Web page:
Every now and then, I like to keep track of companies that have been buying back their own shares. That?s because share buybacks could be a sign that a company?s stock is undervalued.
Peter Lynch, the legendary manager of the U.S.-based Fidelity Magellan Fund, also included buybacks as one of the criteria in his investing checklist. As far as Lynch is concerned, it?s a good sign if a company or its insiders are buying shares.
Of course, management may be buying back shares for other reasons other than its stock being undervalued (some other reasons would be to offset dilution). And even if management feels…
Every now and then, I like to keep track of companies that have been buying back their own shares. That’s because share buybacks could be a sign that a company’s stock is undervalued.
Peter Lynch, the legendary manager of the U.S.-based Fidelity Magellan Fund, also included buybacks as one of the criteria in his investing checklist. As far as Lynch is concerned, it’s a good sign if a company or its insiders are buying shares.
Of course, management may be buying back shares for other reasons other than its stock being undervalued (some other reasons would be to offset dilution). And even if management feels that the stock’s undervalued, they may well be wrong in their assessment. But, companies that have been buying back their own shares are still worth digging further into.
With these in mind, let’s take a look at one company that has been engaged in buybacks these past few weeks.
The company in question is Yanlord Land Group Limited (SGX: Z25). The company has a focus on residential, commercial, and fully-integrated real estate projects. Yanlord Land has a presence in five major economic regions in China, namely, the Yangtze River Delta, the Pearl River Delta, Western China, Bohai Rim, and Hainan.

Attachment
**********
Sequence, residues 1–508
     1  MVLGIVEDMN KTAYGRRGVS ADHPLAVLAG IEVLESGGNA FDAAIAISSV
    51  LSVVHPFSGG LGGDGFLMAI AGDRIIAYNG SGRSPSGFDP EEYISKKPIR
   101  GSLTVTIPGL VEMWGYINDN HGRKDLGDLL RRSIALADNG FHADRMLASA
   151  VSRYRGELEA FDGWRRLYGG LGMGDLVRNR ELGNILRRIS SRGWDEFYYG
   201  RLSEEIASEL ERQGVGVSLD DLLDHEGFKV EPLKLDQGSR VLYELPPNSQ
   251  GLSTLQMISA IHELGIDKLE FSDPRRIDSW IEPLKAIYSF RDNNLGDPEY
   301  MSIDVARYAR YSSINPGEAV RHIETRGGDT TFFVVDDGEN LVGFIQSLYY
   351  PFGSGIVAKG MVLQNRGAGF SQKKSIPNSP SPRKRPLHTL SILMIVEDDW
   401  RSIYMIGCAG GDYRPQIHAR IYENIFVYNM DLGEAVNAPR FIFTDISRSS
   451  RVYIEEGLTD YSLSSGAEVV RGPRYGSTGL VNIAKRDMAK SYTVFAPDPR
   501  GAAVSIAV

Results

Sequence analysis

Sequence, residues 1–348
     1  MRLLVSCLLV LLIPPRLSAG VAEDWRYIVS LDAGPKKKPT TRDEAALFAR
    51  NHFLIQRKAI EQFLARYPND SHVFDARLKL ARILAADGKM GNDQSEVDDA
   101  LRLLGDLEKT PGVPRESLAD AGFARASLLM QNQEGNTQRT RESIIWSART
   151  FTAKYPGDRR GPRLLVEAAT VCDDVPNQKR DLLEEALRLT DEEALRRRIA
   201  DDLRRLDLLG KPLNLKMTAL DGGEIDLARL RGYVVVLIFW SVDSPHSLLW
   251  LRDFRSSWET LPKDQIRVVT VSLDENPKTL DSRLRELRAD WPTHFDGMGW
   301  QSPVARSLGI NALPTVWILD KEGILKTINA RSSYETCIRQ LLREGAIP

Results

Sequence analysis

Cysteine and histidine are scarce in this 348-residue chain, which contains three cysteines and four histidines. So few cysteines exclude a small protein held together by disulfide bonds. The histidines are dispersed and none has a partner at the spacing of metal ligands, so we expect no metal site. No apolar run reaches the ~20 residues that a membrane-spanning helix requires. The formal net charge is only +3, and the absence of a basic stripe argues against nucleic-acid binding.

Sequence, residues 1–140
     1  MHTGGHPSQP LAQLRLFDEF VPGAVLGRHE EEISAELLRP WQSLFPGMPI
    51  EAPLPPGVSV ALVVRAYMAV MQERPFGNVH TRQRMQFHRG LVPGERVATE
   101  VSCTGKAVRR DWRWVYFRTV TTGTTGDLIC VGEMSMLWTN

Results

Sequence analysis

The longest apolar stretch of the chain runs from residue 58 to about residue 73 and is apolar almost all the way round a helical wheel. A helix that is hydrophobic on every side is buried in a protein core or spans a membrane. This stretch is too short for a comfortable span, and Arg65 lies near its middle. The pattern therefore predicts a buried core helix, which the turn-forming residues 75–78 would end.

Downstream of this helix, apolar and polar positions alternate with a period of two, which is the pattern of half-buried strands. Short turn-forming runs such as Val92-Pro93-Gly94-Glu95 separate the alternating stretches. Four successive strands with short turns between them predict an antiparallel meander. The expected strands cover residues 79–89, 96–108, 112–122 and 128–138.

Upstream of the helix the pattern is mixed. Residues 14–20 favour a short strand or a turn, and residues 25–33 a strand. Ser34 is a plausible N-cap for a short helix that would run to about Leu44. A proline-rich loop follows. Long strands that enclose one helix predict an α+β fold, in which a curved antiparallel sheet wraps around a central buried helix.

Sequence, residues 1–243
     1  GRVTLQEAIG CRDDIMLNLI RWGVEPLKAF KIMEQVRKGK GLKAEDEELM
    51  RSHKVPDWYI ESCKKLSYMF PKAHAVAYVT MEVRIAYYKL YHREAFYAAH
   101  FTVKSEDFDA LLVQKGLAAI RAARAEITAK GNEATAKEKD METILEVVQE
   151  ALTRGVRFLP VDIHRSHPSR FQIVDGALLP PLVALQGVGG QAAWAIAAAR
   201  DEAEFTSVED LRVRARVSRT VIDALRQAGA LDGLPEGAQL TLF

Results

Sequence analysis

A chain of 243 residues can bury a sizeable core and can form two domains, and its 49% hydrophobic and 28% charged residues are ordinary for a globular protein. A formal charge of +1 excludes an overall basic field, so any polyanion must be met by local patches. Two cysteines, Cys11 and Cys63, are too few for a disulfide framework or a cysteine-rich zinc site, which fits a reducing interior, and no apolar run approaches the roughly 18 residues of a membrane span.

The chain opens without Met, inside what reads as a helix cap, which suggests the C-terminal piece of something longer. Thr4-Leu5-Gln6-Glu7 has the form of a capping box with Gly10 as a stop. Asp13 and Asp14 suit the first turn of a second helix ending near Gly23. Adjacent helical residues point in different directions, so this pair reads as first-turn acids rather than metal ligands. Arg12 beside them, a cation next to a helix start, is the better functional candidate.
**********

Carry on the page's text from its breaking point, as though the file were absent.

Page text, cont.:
Beyond the property development business, Yanlord Land also has property investments and provides real estate management services. These help to generate recurrent income.
Since the start of September 2016, Yanlord has been actively purchasing its own shares. All told, the company has bought back a total of 5.89 million shares, equivalent to 0.302% of its issued capital. During its last transaction on 3 October 2016, 100,000 shares were acquired at an average price of S$1.385.
In the firm’s latest first-half year earnings, it saw revenues leapt 206.2% to RM10.26 billion on a year-to-year basis. Net profits rocketed 213.1% to RM584.1 million, underpinned by strong demand for its property developments. Mr. Zhong Sheng Jian, Yanlord’s Chairman and CEO is sanguine about the group’s financial performance. He said:
“The continued encouragement for home ownership by the PRC Central government is a key catalyst for sustainable development of the PRC real estate sector. Capitalising on this favourable market environment, we continue to make significant strides in pre-sales accumulation in 1H 2016.
“Building upon our healthy pipeline of project launches in prime locations within the first and second tier cities of the PRC, we hope to further enhance our pre-sales accumulation efforts. Since the beginning of 2016, we have leveraged on our healthy financial position and strong sales collection to embark on various initiatives that will augment our landbank holdings.
“Ideally situated in prime locations within first and second tier cities, these sites will tap on Yanlord’s track record in the development of high-end international communities and is expected to contribute positively to our future growth and development.”
Yanlord Land’s shares last closed at S$1.39. At that price, the firm is valued at 0.65 times book value.
A Foolish conclusion
Companies that are engaged in share buybacks are just a good starting point for investors looking for opportunities. It’s up to the individual investor to dig further and determine whether a company’s shares are actually.
For more investing insights and to keep up to date on the latest financial and stock market news, you can sign up now for a FREE subscription to The Motley Fool's weekly investing newsletter, Take Stock Singapore. It will teach you how you can grow your wealth in the years ahead.
Also, like us on Facebook to follow our latest hot articles. The Motley Fool's purpose is to help the world invest, better.
The information provided is for general information purposes only and is not intended to be personalised investment or financial advice. Motley Fool Singapore contributor James Yeo doesn’t own shares in any companies mentioned.